Myth Versus Reality: Promoting A Pricey Gout Pill

Myth Versus Reality: Promoting A Pricey Gout Pill

January 10th, 2012 // 1:23 pm @

Nearly three years ago, the FDA approved a version of colchicine – a cheap, decades-old treatment for gout – and a controversy quickly ensued. The new med won approval under the Orphan Drug Act, which means the manufacturer received seven years of marketing exclusivity. And the FDA later forced other manufacturers to halt marketing on the grounds their own pills were never approved (see this).

The real ruckus, however, arose when URL Pharma began selling its newly approved Colcrys for about $5 a pill, compared with just pennies for the older colchichine. Some rheumatologists complained on an online message board, prompting the drugmaker to send letters to some docs about the “potential risks and liability” of using unapproved versions (read here). Later, Herb Kohl, who chairs the Senate Special Committee on Aging, and three members of the House, began a probe (look here).

Now, URL Pharma has drawn more attention to itself. The FDA has issued a warning letter to a URL Pharma subsidiary for developing a so-called pharmacy sell sheet and a video that are called false or misleading, because they omit and minimize risk information, as well as make unsubstantiated safety superiority claims and overstate efficacy. Ironically, the video is called ‘Myth Vs. Reality.’

The FDA, however, says URL Pharma emphasizes myth. For instance, the promotional pieces claim that Colcrys tolerability is comparable or similar to placebo. But as the agency notes, this implies that safety profiles are no different or are minimally different, “when this is not the case.” The agency points out that the adverse reactions section of the labeling states that the percentage of patients who experienced diarrhea was 23 percent in the recommended low-dose group versus 14 percent in the
placebo group. Comparable? No. Similar? No.

During the first 15 minutes and 14 seconds of the video, there is a discussion by URL Pharma chief medical officer Matthew Davis about unapproved colchicine products and Colcrys benefits. The FDA notes there are also large, bolded claims on the right-hand side of the screen with a continuous display of the Colcrys logo and tagline on the bottom, right-hand side of the screen.

But most of the risk information is presented after what the agency calls a “prominent presentation in a running telescript format with accompanying voiceover,” and “there is no signal to alert the viewer that important risk information follows the presentation of benefit information. The only risk information included during the main part of the video are statements regarding drug interactions,” dosing modifications and a lower rate of diarrhea seen in the low dose arm of the Colcrys trial.”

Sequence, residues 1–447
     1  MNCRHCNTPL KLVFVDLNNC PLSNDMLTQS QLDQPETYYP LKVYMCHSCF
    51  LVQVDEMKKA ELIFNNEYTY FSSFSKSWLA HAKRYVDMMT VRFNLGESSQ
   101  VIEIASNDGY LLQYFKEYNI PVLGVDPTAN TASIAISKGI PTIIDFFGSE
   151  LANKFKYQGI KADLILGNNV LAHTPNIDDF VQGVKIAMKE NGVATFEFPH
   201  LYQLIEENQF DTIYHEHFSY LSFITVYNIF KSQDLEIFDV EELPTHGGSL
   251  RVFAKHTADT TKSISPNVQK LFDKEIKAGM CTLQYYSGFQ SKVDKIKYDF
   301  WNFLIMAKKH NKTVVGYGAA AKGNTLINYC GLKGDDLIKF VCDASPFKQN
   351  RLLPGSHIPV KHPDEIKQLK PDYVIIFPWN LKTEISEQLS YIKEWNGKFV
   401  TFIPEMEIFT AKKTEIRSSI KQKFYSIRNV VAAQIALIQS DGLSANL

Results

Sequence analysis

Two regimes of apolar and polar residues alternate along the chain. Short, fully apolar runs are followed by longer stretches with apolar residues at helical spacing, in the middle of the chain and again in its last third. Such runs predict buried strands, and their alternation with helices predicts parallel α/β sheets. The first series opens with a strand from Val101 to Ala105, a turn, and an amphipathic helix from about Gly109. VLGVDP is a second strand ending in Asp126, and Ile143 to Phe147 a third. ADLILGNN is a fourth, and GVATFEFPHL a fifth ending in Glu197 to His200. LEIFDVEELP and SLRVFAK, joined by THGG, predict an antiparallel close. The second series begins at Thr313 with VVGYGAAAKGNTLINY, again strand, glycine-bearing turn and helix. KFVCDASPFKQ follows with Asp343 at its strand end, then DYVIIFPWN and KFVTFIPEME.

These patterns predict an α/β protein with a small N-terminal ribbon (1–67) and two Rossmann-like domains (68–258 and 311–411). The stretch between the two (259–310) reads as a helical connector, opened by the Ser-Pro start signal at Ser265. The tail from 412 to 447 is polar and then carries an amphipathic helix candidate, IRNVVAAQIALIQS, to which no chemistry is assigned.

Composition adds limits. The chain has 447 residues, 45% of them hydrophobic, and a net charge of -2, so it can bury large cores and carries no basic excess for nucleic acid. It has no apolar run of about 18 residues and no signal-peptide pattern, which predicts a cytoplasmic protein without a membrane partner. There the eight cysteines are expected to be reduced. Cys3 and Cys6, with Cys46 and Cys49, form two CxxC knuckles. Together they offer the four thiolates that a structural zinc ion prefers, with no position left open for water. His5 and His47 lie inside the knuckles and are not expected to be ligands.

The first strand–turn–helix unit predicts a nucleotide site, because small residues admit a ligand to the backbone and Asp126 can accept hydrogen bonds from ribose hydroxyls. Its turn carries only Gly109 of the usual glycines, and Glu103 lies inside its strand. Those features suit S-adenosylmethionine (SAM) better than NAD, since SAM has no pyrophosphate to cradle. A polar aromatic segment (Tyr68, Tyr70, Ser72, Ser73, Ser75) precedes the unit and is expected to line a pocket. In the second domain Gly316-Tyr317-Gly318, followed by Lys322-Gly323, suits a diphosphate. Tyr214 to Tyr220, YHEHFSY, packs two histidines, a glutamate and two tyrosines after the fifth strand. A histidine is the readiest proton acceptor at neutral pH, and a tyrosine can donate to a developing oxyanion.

Moreover, the main part of the video omits discussion of serious and significant risks, including contraindications, warnings and precautions such as fatal overdoses, blood dyscrasias, monitoring for toxicity, and neuromuscular toxicity, and the most commonly reported adverse reactions, the FDA writes. The upshot? The video undermines communication of important risk info.

There’s more. The video boasts that, in a randomized clinical trial, Colcrys showed significant separation from placebo when looking at pain in 16 hours and reached its primary outcome measure in 24 hours, and that Colcrys significantly reduced pain associated with gout flares within 16 hours. But as they say, numbers can tell a story.

According to the clinical studies section of the Colcrys product labeling, “the efficacy in the treatment of gout flares was assessed at 24 hours following the time of first dose in the clinical trial. This study was not appropriately powered to evaluate outcomes at the 16-hour time point, nor were appropriate pre-specified adjustments for multiple comparisons between treatment groups applied during the analysis of the study data”


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